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Nota Bene with @postuccio [v]


The Painting Center, Present Company, Talking Pictures, NURTUREart, Slag, SOHO20, M. David & Co., Fresh Window, Studio 10

The Painting Center

I’ve been looking at and occasionally commenting on the virtues and various points of particular interest in Alannah Farrell’s lusciously pictorial, sometimes lushly lusty paintings for a number of years now, and one thing I’ve enjoyed noting is that there seems often to be something stealthily, furtively, sometimes perhaps a bit serpentinely surreptitious about many of her works. 

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Jessica Segall: Queer Ecologies

Jessica Segall, (un)common intimacy, 2018, video still

Throughout her highly imaginative multidisciplinary projects, Jessica Segall has been engaging with a wide range of fragile ecological sites, frequently with animals as her collaborators – for instance, swimming with tigers and sculpting with live bees. Jessica Segall shares with Art Spiel some of her work and thought process, as well as her upcoming projects. You can meet her and hear more about her work during the 2019 Dumbo Open Studios weekend.

AS: You are is a multidisciplinary artist using a diverse range of media, some most unconventional – lemons, refrigerators, tigers. How do you choose your media? Can you give me a couple of examples?

Jessica Segall: The media in each work is chosen for its utility or ability to best answer a proposition. There also has to be a transformation. Usually one of the material questions is: will this work? Sometimes half of the proposition hangs in the air for a while until I find its material counterpoint. Fugue in B Flat started that way, as a material prompt and then a proposal before it became a sculpture. I had always wanted to work with the free pianos available off of Craigslist – its an unusually available material in our time and place. Pianos once had high enough value in craftsmanship and social meaning that families would pay to have them hauled up flights of stairs. But today, an inherited piano is not worth enough to sell, or pay to have removed, so every day there are new pianos available for free in New York City.

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A Visit with Nancy Baker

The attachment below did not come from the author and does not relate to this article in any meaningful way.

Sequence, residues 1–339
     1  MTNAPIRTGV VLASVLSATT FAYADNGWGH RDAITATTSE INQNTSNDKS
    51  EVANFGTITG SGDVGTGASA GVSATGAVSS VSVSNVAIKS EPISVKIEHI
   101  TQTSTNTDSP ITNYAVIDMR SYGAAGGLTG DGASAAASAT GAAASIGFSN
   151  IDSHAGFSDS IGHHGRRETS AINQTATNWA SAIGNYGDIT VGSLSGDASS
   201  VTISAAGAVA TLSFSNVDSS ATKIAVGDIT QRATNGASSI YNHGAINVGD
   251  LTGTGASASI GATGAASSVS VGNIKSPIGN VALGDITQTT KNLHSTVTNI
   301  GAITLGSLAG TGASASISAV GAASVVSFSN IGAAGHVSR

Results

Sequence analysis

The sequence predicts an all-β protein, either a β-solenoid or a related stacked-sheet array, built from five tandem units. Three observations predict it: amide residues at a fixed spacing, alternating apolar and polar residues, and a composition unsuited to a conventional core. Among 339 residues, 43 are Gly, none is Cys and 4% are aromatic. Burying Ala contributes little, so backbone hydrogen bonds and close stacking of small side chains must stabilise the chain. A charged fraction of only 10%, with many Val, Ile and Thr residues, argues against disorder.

Baker working with laser cut wood

Nancy Baker’s art is colorful and bright, with filigree shapes that fuse, multiply and pulse outward in vibrant, sweeping waves. Individually the panels seem molecular and scientific; layered together they suggest vast networks and digital flow, yet clearly are the work of an artist’s hand. The eye zooms in and picks out familiar details–a candy wrapper, a takeout tray–then moves out again to appreciate the larger whole.

Panel in Baker’s Studio (full and detail images)
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Lizbeth Mitty & Dana James: The Thread

at M. DAVID & CO. GALLERY extended thru APRIL 21st, 2019 and an artist talk on April 14th at 4PM with Lilly Wei

Lizbeth Mitty in her studio. Photo courtesy of the artist.
Dana James in her studio. Photo courtesy of Drew Reynolds

I met with rising talent artist Dana James and her mother, veteran NYC artist Lizbeth Mitty, prior to their joint exhibition, “The Thread,” which opened March 15th at M. David & Co. Gallery in Bushwick. It was late February, and the artists were trying to answer the lingering question: Which new works should we display?

The debate was an extension of a conversation that had been running for months. Throughout the creative process, alone in their respective studios, the artists had frequently exchanged feedback on works in progress, eschewing criticism for constructive, “technical” suggestions that served to “open the floodgates” and renew the other’s creative energy.